I have bipolar disorder and generalized anxiety disorder.
And yes, I am a mom. And yes, I homeschool my kids.
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In addition, I am not a doctor or mental health professional.
The following is simply advice from my own personal experience, and is not intended to be taken as professional advice.
Can I Homeschool My Kids??
When I first caught the “homeschool bug”, I delved deep into research, reading books, blogs, and more on homeschool lifestyles, curriculum, and consulted my friends who were already homeschooling. I wanted to know it all.
I remember combing through these books and blogs, taking in every bit of them, getting more and more excited about this idea of bringing our daughter home. I ticked off the reasons to just do it, and the more I learned, the more it sounded like the right decision.
And then I read something in one book that stopped me in my tracks: you shouldn’t homeschool if you have a serious mental illness.
I’m sorry, what?
I stared at the book, a little taken aback. Okay, a lot taken aback, because there was no elaboration. Just a simple aside, as if the author wanted to clarify that she thought that kids would end up neglected or abused if someone with a mental illness happened to decide to homeschool. She was clearly a huge advocate of homeschooling or she wouldn’t have authored the book, but now she was randomly popping in to say that any parent who happened to have a mental illness would be better off sending their kids to a school.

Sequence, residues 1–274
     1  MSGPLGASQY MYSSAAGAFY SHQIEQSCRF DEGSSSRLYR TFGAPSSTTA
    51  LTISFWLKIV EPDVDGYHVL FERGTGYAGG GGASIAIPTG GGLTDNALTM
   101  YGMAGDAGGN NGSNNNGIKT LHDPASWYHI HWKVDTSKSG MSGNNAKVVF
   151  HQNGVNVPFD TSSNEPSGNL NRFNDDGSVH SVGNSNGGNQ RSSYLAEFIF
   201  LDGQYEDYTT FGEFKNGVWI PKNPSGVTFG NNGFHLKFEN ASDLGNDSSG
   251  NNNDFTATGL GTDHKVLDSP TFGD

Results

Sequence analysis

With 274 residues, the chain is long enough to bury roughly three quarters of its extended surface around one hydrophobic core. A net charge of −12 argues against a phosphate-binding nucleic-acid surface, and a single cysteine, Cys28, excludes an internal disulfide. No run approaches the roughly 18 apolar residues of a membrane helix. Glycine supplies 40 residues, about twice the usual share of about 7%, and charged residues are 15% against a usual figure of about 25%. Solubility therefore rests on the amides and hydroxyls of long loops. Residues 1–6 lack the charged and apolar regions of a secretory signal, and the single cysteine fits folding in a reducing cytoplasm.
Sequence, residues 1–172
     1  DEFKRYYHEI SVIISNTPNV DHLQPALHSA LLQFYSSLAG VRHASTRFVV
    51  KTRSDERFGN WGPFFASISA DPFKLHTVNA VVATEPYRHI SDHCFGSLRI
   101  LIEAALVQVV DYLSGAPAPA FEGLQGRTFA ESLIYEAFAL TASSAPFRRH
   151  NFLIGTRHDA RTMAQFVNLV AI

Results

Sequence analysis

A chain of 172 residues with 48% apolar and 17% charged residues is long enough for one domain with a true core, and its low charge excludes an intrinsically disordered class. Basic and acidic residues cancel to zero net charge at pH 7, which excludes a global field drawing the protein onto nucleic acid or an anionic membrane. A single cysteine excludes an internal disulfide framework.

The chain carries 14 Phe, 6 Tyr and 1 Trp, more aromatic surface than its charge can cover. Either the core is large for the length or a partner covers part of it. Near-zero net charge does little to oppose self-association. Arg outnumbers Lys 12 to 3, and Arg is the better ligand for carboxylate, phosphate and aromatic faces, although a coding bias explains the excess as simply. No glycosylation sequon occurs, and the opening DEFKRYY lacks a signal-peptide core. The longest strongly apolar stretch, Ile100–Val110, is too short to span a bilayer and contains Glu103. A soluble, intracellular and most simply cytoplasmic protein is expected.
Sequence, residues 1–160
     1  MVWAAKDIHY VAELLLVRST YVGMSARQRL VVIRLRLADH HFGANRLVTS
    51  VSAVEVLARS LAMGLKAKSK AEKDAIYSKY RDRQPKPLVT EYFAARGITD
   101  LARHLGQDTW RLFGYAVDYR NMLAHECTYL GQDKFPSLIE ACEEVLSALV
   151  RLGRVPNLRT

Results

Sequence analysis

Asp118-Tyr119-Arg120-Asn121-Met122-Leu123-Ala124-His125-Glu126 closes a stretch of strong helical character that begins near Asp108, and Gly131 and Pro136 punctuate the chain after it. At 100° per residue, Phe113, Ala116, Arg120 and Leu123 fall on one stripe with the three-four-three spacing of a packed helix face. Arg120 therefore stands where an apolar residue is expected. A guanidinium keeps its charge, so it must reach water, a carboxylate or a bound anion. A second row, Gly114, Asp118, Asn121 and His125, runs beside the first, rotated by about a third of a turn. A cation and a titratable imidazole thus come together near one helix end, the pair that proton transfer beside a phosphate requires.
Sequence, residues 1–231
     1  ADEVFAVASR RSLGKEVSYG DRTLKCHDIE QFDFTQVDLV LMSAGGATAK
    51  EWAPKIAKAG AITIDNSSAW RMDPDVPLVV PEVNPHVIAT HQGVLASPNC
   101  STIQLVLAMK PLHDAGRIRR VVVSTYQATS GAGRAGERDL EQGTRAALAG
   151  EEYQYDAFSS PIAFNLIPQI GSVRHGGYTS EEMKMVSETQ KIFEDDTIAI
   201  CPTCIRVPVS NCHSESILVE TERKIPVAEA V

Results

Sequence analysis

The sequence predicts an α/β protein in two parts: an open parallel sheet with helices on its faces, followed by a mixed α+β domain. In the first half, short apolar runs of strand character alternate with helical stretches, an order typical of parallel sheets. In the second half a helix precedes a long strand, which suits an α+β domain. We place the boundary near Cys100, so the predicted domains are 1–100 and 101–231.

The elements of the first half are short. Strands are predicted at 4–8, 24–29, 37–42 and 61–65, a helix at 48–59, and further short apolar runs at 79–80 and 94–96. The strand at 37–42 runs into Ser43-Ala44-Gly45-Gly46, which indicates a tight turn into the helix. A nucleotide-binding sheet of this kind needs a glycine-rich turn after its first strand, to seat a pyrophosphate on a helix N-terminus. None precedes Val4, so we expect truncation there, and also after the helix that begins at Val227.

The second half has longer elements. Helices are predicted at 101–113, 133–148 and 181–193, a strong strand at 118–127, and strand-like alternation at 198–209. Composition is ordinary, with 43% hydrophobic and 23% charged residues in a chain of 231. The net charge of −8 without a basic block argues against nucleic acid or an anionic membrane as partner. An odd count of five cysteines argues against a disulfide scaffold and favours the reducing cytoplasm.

Okay – long story short, we of course ended up disregarding this woman’s ill-informed opinion, because we made the decision to homeschool anyway. And, if you’re a mom or dad who happens to be living with a mental illness and are wondering if you can homeschool, or continue to homeschool your kids – I want to encourage you. Yes, you can do it.
After just three years of homeschooling my kids while living with a mental illness, I have learned a few things I’d like to pass on:
1. Seek professional help
Yes, this one is important. Many of us with mental illnesses require psychiatric medication to remain stable. There is absolutely no shame in this. The brain is a part of the body as much as the heart, and you wouldn’t deny yourself life-saving heart medication, so don’t buy into the lie that medication for your brain is any different. There are even DNA tests available that report which medications work best and which will do you harm. I have taken one such test, and since modifying my medication regimen to align with the report, my mental health has significantly improved. Psychiatric medication can truly be a life-saver.
In addition, if you are able, establish a relationship with a licensed mental health counselor, and see them regularly. They can provide you with objective insight and guidance, and help you remain emotionally regulated. In addition, a good doctor and counselor can also vouch for you if ever anyone does call you into question.
2. Practice self-care